By what means did rocks weighing hundreds of tons find their way to the site of China's formidable, 600-year-old Forbidden City? Scientists specializing in friction have proposed a new hypothesis.
Above: The Northwest Corner Tower of the Forbidden City,as photographed by Dermot Roantree
While visiting and enjoying the architecture of the Forbidden City in China, three researchers wondered how large rocks weighing many hundreds of tons were transported to the site more than 500 years ago. A relaxing holiday became a science project and, in a paper just published, they reveal calculations to show the most likely means of achieving this feat was by using wooden sleds on artificial ice paths.
Built in the early 15th century, the Forbidden City consists of an imperial palace and nearly a thousand buildings. It served as the figurative centre of China’s capital city. During the researchers' visit, Howard Stone, professor of mechanical and aerospace engineering at Princeton University, saw a sign that mentioned the use of an artificial ice path to transport the enormous stones used in the city.
However, a look at the history of technology in China revealed that wheels existed in China since the 4th century BC. Why then would there still be a need to use man-drawn sleds? asked the researchers. Was it a better method? “That is when we began to investigate and calculate,” said Stone.
With the help of Jiang Li, a mechanical engineer at the University of Science and Technology Beijing who studies tribology (study of friction), they dug into the literature to find more details on the efforts involved in transporting these stones. One document said that a monolithic slab weighing 112 tonnes was moved over 70km to Beijing in 1557. [At left, a map depicting the distance from quarry to site – about 70 miles. Credit: Howard Stone and Jiang Li.]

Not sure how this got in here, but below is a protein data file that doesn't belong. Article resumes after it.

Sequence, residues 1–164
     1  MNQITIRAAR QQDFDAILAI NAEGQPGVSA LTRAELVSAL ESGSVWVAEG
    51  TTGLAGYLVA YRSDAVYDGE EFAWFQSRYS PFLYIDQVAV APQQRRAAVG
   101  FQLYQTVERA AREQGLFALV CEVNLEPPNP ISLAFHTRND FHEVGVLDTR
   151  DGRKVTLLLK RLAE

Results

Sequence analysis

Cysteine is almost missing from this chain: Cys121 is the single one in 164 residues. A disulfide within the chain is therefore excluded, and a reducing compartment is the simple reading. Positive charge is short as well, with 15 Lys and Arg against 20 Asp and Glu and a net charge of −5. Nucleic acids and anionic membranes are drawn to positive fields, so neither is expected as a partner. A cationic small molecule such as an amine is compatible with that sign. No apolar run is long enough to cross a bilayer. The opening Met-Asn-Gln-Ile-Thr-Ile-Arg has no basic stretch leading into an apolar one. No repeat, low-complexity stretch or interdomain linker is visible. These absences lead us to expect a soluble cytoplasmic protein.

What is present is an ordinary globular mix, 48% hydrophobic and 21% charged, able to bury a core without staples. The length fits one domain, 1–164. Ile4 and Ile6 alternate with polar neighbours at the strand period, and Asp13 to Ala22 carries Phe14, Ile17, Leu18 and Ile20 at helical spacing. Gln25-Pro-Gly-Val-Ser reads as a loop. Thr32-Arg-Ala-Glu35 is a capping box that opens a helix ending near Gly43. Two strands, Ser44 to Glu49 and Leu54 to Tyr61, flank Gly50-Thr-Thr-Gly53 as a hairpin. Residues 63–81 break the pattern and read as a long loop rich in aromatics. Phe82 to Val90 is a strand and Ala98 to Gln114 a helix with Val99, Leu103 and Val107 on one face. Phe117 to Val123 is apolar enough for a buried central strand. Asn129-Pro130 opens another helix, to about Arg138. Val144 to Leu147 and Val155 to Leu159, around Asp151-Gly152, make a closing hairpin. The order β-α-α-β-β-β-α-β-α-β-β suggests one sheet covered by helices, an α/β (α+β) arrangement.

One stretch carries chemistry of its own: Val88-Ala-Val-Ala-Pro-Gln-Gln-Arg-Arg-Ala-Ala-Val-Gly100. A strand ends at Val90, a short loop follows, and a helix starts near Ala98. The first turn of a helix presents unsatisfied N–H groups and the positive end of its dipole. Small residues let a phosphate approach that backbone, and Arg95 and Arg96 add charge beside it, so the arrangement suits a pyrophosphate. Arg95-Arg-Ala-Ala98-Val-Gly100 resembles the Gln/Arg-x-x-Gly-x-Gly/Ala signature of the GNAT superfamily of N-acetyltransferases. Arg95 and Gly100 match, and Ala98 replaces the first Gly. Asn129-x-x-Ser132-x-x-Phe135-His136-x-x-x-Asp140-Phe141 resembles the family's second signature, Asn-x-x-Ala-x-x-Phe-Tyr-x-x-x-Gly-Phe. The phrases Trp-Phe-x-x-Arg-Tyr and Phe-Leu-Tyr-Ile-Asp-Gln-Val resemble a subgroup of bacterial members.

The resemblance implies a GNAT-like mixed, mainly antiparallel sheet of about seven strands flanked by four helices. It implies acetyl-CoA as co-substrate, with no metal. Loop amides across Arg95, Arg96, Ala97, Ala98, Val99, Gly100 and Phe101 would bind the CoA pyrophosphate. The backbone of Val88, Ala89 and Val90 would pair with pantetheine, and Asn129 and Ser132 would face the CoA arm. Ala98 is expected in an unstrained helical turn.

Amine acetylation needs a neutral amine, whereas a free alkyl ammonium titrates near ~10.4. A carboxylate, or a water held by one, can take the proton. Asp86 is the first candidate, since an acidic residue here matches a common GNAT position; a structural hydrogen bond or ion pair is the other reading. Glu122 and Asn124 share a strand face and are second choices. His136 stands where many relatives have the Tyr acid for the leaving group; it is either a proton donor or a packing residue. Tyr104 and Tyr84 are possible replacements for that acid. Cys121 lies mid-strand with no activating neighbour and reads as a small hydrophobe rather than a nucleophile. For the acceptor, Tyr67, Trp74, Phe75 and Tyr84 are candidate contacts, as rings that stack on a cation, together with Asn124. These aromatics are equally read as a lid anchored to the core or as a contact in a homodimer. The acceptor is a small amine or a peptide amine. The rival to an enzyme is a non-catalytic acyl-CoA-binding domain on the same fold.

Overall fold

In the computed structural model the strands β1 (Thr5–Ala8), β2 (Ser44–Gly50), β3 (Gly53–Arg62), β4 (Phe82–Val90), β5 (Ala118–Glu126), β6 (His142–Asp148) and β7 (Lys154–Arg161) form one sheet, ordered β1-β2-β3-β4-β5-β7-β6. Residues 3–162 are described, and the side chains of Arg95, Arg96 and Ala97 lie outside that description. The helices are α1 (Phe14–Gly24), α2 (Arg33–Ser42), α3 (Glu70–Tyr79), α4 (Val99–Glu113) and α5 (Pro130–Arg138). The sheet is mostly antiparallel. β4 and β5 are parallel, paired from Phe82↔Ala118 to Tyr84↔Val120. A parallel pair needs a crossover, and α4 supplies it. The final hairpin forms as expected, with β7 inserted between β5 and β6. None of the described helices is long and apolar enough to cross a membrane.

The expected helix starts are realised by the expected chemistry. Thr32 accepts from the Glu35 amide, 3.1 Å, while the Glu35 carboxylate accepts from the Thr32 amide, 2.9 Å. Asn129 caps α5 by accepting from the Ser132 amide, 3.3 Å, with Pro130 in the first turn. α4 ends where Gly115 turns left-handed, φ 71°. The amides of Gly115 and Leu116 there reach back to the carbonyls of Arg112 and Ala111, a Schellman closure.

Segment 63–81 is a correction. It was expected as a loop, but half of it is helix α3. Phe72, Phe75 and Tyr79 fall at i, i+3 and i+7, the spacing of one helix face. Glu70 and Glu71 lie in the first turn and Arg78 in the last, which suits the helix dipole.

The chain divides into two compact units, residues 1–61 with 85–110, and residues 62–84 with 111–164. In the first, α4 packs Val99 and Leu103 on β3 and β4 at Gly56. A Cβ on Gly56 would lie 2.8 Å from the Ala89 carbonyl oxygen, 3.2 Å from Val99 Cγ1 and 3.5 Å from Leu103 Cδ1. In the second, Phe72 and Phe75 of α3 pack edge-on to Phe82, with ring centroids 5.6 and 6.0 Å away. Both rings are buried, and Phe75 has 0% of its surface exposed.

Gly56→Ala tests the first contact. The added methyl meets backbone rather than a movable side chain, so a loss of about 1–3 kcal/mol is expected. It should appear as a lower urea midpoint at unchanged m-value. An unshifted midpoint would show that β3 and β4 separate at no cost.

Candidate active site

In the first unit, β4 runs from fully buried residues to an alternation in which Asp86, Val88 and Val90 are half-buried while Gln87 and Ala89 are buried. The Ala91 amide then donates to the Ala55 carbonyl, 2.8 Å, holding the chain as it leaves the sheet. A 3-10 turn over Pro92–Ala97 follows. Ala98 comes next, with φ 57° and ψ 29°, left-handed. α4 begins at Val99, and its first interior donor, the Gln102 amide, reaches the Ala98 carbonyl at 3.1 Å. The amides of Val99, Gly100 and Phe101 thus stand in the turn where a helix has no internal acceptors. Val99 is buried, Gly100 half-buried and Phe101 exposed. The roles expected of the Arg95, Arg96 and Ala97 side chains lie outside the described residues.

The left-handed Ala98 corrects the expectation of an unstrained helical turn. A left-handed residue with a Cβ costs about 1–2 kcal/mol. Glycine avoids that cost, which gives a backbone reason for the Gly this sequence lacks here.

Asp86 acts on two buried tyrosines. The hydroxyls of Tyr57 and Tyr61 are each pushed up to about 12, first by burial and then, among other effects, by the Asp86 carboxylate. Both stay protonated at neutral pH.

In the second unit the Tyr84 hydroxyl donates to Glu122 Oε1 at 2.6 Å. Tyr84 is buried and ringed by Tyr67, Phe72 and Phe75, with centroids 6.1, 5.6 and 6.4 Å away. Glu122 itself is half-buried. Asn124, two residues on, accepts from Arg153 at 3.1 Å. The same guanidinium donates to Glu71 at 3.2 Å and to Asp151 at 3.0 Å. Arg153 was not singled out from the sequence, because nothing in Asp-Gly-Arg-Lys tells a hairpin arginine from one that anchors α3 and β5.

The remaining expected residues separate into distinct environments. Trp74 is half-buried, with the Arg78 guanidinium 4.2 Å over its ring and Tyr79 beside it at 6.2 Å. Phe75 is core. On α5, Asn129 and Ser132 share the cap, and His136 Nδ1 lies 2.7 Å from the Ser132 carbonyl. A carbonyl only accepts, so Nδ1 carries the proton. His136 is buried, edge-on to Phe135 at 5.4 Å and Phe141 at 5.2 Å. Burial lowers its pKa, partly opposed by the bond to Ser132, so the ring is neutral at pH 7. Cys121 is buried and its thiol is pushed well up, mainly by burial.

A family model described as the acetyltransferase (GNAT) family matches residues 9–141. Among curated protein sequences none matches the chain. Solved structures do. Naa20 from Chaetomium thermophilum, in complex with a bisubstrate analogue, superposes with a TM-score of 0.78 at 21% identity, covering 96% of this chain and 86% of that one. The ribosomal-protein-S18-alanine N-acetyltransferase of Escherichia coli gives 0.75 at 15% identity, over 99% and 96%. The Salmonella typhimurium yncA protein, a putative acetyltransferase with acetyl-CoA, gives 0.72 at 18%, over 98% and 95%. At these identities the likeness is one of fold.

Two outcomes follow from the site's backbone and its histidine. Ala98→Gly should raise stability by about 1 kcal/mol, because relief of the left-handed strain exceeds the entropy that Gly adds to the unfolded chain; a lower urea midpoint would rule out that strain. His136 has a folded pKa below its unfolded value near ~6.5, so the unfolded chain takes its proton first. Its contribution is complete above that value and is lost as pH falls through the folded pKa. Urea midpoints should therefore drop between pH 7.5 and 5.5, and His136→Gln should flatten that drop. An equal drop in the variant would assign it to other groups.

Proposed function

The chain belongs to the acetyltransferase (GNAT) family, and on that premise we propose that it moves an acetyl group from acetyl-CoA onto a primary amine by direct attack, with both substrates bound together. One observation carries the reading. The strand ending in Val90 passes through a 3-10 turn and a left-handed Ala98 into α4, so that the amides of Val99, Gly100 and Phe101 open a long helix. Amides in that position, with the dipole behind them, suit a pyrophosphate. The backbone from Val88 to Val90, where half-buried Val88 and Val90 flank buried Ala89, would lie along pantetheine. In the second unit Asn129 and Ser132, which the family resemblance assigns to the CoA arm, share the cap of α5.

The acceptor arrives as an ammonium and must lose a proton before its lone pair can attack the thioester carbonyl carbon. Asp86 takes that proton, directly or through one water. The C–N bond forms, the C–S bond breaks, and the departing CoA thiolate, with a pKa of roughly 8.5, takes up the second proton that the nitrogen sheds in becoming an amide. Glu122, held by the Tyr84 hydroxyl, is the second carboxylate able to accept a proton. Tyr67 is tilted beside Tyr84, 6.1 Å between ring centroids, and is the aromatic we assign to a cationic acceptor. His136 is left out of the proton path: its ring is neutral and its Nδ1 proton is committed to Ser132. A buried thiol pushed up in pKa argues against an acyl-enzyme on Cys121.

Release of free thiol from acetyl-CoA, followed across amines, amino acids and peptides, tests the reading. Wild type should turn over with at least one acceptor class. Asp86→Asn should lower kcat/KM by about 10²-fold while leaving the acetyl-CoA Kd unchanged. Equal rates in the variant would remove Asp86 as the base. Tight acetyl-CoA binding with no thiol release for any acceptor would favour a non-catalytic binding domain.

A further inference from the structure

Chinese wheeled carriages would not have been able to transport such blocks, even with the technology of late 1500s. The other idea would be to use wooden rollers, but that would required creating a smooth road on tricky winding roads. [From quarry to site, about 70km. Image Credit: Howard Stone and Jiang Li.]
Calculations published in the Proceedings of the National Academy of Sciences reveal pulling such stones over bare ground at a rate mentioned in the historical text would require more than 1500 men. Even sliding the stone on bare ice would need 330 men. However, one solution from the researchers, which involved tobogganing the stones on wooden planks and lubricating the path with cold water, would only need 50 men for that load.
A weather analysis of the last 2000 years in China finds the average January temperature in Beijing in the 15th and 16th century was about –4°C, which would have been enough to create and maintain artificial ice paths. While historical records reveal that more than a million workers were involved in the construction, details about the construction activity are hard to find.
The Chinese were at the forefront of the study of friction at the time. Chariots preserved with the Terracotta Army, which is more than 2000 years old, showed they even used wheel bearings to reduce friction.
“It’s a wonderful story and a good historical analysis,” said Thomas Mathia, a tribologist at French National Scientific Research Centre. “But it’s just a hypothesis.”
Regardless of whether or not they are able to prove that tobogganing massive stones played a part in the construction of the Forbidden City, for Stone the pleasure was in following up the story. “Recognising the degrees of planning and implementation used more than 500 years ago for such a massive undertaking was humbling.”